followed by the book’s sequels. In 2009, New Moon, published in 2006, was ranked number
one on t he U.S. best-se ller list, again followed by the other three books in the se ries (DeBarros,
Cadden, DeRamus, & Schnaars, 2010a). The books have reportedly sold more than 40 million copies
worldwide (DeBarros, Cadden, DeRamus, & Schnaars, 2010b), with Breaking Dawn,publishedin
2008, selling 1.3 million copies in the United States the day it was released, debuting at the top of the
best-seller lists in Britain, France, Italy, Ireland, and Spain. The books have also been printed in 37
languages, including Vietnamese, Croatian, Chinese, and Latvian (Parsons, 2008).
Given the widespread popularity of the series and the fact that the target audience is predomi-
nantly teenage girls (Young, 2009), it is of particular concern that the dominant romantic relation-
ship is presented with behaviors that are characteristic of relationship violence. The presentation of
these behaviors in popular fiction clearly does not cause dating violence. However, it is troubling
390 Affilia: Journal of Women and Social Work 26(4)
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when one of the most popular book series in recent history repeatedly normalizes, minimizes, and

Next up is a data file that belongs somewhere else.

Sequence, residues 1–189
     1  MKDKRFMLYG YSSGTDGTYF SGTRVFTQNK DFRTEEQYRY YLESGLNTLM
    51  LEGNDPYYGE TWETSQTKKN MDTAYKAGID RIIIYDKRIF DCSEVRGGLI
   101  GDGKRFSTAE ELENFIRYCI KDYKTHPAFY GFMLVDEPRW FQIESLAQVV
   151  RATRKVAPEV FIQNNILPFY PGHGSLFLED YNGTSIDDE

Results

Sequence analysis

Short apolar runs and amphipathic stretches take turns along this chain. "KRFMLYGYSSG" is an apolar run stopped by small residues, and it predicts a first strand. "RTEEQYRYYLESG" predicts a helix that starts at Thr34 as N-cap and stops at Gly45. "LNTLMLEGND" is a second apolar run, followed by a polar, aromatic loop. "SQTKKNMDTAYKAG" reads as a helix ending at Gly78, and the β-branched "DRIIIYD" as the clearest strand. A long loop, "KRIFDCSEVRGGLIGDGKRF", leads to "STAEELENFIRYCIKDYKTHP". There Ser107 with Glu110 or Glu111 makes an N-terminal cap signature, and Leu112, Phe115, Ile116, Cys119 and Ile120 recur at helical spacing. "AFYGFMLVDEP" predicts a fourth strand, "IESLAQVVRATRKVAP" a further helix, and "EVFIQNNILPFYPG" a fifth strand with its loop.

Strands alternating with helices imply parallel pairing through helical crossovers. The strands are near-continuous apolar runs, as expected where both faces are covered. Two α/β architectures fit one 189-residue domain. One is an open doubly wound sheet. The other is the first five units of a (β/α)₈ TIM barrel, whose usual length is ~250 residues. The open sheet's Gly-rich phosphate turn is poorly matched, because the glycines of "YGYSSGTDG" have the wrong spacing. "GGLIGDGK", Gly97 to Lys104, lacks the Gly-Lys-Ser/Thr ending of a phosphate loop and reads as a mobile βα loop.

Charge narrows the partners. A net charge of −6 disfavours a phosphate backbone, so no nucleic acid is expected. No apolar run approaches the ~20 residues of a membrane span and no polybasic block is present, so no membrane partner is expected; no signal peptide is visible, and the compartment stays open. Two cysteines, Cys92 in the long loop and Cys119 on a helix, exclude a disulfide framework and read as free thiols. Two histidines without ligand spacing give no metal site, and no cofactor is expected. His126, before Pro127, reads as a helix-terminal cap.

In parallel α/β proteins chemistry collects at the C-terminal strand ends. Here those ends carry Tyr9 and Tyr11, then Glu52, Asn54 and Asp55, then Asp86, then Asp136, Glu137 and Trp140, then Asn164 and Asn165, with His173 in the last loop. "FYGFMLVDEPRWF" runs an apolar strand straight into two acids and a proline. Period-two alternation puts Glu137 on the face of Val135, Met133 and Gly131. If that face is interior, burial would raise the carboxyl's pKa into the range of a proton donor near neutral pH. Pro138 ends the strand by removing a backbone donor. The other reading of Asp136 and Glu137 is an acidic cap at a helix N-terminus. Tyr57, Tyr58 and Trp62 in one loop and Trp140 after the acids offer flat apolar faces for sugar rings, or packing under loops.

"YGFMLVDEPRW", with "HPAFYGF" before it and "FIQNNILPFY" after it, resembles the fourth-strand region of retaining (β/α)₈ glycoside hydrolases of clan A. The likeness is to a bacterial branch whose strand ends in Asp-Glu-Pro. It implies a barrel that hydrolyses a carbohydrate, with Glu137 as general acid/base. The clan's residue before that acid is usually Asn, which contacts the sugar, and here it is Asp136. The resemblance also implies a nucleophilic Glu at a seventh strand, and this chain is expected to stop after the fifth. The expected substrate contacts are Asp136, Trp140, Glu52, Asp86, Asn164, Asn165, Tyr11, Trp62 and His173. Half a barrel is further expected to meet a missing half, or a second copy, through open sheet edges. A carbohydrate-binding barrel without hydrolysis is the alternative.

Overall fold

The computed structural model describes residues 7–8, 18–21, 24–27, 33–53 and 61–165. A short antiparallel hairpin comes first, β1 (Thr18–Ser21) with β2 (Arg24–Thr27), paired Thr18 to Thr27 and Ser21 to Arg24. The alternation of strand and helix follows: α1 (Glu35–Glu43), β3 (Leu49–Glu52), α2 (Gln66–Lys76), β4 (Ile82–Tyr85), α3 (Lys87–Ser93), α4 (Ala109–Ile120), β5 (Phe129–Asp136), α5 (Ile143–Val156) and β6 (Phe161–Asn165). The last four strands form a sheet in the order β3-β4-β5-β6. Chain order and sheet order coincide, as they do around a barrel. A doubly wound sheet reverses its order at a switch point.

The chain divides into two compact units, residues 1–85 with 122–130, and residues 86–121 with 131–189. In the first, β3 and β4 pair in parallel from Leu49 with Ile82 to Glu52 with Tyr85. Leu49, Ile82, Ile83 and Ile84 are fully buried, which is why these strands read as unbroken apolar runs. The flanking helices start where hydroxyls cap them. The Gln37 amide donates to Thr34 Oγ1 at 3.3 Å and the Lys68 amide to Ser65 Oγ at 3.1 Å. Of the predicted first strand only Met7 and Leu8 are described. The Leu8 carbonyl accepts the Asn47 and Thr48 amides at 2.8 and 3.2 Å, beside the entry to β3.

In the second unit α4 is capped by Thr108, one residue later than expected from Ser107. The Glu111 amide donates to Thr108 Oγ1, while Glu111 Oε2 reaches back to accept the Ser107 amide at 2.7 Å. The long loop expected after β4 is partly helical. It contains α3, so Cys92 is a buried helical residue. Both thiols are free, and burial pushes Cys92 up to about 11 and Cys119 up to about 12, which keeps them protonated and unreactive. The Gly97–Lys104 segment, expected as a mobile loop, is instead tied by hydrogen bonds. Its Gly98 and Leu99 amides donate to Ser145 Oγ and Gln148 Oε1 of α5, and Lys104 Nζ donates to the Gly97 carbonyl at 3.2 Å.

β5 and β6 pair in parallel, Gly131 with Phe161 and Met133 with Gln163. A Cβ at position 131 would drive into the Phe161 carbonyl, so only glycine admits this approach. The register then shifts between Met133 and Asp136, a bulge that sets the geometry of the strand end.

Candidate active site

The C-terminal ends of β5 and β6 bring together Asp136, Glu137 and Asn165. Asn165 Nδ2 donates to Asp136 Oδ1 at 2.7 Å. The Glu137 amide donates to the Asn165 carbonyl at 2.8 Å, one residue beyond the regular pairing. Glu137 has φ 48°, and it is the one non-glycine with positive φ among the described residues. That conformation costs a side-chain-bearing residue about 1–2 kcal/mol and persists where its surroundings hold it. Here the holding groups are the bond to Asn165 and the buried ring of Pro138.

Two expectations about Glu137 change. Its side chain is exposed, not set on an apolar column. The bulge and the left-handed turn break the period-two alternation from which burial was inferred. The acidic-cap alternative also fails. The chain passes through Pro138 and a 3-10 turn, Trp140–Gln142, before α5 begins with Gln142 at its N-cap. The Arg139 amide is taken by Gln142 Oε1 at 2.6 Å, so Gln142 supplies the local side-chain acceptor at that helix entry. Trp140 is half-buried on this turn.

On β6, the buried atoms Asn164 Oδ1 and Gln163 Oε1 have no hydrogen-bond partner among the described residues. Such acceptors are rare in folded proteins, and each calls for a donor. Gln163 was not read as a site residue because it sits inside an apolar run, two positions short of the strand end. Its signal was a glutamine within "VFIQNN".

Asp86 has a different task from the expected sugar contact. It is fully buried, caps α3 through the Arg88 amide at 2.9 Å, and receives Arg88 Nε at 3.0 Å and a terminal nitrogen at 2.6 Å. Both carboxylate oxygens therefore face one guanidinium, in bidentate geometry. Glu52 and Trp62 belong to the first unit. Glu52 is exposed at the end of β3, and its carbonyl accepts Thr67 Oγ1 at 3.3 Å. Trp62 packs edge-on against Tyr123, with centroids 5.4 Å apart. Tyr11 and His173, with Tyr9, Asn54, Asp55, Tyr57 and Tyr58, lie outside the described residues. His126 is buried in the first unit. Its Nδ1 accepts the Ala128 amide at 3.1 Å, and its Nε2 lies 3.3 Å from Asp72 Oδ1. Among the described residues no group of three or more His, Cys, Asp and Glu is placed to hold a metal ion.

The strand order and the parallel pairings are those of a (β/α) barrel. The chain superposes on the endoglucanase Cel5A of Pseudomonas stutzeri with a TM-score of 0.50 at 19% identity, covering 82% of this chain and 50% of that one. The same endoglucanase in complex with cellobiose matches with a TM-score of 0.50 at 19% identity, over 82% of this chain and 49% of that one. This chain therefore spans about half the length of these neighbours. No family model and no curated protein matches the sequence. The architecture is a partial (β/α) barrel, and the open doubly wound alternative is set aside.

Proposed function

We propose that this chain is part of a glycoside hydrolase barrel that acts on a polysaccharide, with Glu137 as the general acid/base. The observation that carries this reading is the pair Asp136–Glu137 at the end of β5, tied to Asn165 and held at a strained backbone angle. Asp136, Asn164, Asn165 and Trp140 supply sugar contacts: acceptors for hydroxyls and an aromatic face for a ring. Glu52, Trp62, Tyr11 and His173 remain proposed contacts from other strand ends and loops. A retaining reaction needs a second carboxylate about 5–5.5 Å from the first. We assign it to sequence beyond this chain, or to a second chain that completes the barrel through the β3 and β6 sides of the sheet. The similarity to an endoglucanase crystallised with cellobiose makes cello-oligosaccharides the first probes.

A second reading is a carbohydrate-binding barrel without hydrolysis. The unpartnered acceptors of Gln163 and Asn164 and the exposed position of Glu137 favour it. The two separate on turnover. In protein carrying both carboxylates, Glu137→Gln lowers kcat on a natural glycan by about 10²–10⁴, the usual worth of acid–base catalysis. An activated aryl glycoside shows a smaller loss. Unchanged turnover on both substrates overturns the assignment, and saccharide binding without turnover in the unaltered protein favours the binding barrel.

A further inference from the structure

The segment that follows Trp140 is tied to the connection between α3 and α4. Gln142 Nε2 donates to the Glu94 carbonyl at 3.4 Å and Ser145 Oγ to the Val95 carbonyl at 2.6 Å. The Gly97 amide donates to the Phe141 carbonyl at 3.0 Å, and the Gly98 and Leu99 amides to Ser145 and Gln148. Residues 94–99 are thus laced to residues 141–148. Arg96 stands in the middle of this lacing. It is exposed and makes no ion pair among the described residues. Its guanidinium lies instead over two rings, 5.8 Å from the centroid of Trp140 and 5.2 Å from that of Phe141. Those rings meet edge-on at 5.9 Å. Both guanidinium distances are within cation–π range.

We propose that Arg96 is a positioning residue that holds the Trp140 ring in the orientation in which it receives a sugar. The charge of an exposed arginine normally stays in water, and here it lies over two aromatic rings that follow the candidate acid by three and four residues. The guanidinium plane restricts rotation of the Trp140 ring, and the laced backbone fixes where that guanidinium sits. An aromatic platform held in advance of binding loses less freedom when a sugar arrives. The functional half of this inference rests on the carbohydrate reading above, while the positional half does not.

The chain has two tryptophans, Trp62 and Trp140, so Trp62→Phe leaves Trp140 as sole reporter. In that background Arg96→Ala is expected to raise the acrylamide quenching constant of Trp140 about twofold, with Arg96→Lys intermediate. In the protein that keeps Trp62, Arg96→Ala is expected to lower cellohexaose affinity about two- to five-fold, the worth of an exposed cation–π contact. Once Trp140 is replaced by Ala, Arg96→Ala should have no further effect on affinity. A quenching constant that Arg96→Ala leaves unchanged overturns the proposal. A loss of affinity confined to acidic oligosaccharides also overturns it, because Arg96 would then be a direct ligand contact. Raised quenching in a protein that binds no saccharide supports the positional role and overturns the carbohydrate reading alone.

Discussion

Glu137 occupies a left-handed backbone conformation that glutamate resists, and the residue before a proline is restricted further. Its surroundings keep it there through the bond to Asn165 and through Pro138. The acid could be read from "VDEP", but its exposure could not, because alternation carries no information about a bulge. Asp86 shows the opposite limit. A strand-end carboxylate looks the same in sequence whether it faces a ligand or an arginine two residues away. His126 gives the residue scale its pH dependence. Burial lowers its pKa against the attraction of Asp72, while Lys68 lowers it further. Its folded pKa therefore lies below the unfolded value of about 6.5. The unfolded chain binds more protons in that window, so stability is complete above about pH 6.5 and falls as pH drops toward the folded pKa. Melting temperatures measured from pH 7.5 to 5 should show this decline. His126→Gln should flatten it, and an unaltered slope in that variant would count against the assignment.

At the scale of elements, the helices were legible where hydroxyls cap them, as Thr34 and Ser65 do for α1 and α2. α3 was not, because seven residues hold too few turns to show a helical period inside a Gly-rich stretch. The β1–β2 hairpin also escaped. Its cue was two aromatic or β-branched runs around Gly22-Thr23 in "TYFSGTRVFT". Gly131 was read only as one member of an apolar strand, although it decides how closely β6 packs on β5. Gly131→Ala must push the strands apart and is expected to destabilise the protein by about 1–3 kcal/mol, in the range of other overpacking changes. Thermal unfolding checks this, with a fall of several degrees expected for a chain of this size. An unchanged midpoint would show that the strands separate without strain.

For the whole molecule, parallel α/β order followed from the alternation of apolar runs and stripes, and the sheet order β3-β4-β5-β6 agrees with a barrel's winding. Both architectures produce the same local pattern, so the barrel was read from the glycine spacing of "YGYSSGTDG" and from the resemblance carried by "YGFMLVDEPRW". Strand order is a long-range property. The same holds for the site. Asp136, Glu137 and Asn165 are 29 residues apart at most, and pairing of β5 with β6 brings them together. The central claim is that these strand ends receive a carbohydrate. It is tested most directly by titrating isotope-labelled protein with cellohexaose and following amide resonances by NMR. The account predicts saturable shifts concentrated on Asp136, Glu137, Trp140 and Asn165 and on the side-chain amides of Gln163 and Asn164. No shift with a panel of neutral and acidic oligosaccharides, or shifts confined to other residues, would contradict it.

romanticizes these behaviors. It reinforces cultural norms that condone men’s use of force to obtain a
variety of goals.
These findings have several implications for social work. Given the popularity of the Twilight
saga among adolescent girls, social workers who seek to engage young women may find that the
books provide some ‘common ground’ for a discussion of the issues related to romantic relation-
ships and societal pressures to comply with traditional gender roles. Behaviors that were previously
assumed to be evidence of love (such as stalking, jealousy, and isolation) may be redefined as tactics
of power and control. Girls may initially be more willing to discuss Bella’s relationships than their
own. In addition, programs to prevent dating violence and educational programs could certainly use
examples from these books to illustrate behaviors and attitudes that are related to dating violence. To
recognize behaviors that were previously presented as chivalrous and romantic as clear examples of
control, stalking, abuse, and intimidation may offer young people new insights into the insidious and
often-subtle nature of abuse and control. In this way, the Twilight series could continue to influence
young lives, but in a new way.